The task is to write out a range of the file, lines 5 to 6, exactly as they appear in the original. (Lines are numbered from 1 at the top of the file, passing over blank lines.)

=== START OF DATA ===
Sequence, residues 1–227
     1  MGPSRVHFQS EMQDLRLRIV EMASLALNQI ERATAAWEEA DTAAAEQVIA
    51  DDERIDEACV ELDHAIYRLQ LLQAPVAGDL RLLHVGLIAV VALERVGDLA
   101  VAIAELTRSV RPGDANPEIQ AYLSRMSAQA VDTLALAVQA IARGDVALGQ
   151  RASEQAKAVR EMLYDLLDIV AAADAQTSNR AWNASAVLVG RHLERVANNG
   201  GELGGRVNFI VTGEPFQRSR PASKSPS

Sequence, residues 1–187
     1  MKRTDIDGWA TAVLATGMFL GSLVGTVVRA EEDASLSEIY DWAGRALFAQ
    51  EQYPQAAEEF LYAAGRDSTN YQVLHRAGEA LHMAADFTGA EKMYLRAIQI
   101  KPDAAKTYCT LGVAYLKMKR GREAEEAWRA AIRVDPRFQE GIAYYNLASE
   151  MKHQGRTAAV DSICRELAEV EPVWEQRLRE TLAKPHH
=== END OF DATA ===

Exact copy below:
   151  RASEQAKAVR EMLYDLLDIV AAADAQTSNR AWNASAVLVG RHLERVANNG
   201  GELGGRVNFI VTGEPFQRSR PASKSPS